Eighteen deaths in the US have been associated with e-cigarettes, while a mysterious outbreak of pulmonary illness, also associated with vaping, has caused problems for many consumers around the world.
The US health authorities have said the Food and Drug Administration is currently studying a plan that would see all non-tobacco products taken off the market.
The effect of the ban is likely to push lower-income consumers towards the non-premium cigarette brands. While this expected increase in sales will benefit leading tobacco makers, from a public health perspective it could easily create more problems than it solves.
US regulators have already put in motion several restrictions on e-cigarettes and health officials have said a surge in popularity among young people for vaping may also be putting a generation at risk of nicotine addiction.
For consumers, a ban would limit the range of products available on the legal market. Also, if e-cigarettes are merely taxed more, the flow of tax revenues from conventional products is likely to slow considerably.
Traditional cigarettes have experienced an average price increase of 46% since 2013, and while some of this increase is down to higher taxes, tobacco companies have increased prices for leading products, suggesting demand remains strong.
Thus, a further increase in taxes for those kinds of products would not have a significant impact on demand, because addiction has to be taken into consideration as well as price.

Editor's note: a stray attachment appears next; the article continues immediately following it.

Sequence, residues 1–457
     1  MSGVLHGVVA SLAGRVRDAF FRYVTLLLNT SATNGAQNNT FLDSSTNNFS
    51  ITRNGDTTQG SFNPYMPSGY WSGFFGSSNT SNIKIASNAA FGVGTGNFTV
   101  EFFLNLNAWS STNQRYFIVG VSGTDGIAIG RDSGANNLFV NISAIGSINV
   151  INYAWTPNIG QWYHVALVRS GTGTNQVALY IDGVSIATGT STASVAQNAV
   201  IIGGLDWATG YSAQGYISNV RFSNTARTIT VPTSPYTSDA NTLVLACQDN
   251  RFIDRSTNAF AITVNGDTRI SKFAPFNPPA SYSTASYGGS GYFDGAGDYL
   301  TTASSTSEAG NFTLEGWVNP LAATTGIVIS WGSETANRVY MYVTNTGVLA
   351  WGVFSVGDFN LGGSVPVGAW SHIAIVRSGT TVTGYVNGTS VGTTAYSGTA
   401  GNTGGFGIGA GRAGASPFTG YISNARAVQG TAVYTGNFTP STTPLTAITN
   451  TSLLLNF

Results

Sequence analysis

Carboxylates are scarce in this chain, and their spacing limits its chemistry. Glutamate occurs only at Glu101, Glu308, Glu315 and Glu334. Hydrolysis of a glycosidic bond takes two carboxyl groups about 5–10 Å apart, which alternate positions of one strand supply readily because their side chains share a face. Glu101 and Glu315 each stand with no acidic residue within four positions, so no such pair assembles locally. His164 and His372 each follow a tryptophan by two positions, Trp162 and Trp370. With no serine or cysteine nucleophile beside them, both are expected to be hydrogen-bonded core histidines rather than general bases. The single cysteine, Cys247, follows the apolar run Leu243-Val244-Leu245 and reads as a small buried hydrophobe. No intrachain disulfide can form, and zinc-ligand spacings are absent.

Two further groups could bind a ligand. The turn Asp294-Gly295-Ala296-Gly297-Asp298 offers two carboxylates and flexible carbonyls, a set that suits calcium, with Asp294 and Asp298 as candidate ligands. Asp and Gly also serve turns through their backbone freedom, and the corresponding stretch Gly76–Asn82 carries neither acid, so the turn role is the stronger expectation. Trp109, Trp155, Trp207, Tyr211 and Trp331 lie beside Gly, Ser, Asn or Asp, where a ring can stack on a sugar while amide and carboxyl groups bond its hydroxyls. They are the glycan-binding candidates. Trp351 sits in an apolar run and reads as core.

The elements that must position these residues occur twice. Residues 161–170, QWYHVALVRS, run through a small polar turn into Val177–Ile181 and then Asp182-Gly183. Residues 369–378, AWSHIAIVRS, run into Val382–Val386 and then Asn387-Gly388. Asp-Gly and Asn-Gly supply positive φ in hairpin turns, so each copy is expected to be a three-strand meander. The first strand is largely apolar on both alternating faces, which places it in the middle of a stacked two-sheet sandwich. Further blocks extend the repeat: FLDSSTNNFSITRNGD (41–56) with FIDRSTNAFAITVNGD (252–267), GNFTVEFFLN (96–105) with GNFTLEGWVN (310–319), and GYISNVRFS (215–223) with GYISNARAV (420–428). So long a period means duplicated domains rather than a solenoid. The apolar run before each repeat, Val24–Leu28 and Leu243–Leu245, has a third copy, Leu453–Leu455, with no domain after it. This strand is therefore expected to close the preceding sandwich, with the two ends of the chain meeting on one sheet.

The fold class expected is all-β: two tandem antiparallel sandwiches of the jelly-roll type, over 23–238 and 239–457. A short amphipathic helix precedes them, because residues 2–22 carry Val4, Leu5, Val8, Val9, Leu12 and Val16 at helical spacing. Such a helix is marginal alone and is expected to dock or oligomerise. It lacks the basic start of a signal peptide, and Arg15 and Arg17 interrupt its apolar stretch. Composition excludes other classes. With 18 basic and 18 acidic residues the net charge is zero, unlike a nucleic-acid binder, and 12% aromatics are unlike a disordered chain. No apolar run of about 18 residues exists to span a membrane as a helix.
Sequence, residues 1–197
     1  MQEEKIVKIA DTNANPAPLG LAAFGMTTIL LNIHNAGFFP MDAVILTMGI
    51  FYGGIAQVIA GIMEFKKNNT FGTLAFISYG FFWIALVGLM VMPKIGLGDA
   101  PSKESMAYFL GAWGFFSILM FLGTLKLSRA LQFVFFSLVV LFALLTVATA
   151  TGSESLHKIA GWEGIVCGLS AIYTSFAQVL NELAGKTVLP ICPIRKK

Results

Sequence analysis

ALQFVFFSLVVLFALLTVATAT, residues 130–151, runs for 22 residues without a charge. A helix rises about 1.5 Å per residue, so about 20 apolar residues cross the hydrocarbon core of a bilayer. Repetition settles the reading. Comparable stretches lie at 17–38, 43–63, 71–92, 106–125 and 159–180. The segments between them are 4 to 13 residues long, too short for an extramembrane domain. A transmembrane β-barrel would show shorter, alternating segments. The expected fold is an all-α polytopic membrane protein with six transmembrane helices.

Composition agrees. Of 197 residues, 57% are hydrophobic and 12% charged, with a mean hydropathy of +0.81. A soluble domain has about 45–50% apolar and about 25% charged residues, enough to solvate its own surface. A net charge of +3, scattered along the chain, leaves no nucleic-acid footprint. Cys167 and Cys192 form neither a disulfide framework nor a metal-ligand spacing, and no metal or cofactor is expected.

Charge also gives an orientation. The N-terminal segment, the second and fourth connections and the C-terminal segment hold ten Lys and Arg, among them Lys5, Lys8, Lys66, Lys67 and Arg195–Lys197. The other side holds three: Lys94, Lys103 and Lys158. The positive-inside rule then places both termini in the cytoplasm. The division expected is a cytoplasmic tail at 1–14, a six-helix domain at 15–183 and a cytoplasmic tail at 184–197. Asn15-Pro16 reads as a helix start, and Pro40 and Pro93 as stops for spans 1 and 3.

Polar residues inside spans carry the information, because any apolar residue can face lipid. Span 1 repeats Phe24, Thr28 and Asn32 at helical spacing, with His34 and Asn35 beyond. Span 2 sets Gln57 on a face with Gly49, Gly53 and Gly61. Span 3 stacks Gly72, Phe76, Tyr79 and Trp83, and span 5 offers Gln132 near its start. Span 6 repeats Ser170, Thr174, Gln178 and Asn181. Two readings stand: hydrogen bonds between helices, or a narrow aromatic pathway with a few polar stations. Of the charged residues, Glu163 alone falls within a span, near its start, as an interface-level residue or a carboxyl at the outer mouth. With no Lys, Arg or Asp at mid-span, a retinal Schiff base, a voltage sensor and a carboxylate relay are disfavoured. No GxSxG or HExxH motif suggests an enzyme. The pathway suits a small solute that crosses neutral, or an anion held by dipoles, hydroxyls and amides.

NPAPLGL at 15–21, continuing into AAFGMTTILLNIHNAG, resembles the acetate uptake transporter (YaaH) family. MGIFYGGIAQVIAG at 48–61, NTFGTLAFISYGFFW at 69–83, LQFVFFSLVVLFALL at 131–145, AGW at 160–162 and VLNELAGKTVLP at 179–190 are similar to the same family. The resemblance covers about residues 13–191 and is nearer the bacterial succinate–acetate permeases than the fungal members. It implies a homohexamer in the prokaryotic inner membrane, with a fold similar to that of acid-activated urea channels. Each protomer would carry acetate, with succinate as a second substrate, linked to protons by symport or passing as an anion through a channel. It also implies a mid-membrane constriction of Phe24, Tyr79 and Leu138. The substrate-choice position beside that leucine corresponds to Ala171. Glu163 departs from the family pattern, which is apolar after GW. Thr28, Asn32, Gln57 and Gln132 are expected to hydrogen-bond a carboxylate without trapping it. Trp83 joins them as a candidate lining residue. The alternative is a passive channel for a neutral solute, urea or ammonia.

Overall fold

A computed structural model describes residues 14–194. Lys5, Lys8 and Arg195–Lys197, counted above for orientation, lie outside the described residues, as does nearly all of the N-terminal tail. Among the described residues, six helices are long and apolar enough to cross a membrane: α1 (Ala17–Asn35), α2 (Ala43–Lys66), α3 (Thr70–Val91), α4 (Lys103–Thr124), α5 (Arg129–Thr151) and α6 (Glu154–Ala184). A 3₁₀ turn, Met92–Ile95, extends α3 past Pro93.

Higher taxes are likely to have an impact on consumers with little spending power, reducing their ability to buy cigarettes or e-cigarettes. In response, big tobacco companies are producing cheaper cigarettes, at a relatively lower price than ‘premium’ cigarettes.
Both Altria and British American Tobacco have created premium and non-premium brands. Prices for non-premium brands are decreasing in a practice known as price shifting. Through this technique, big tobacco can attract wealthy, and not so wealthy, customers to spend on their products, thereby boosting revenues.
This technique allows leading cigarette manufacturers to attract a big portion of the market, which for the most part consists of lower-income smokers by buying non-premium brands. Such consumers drive demand for non-premium cigarettes and alternative tobacco products as well.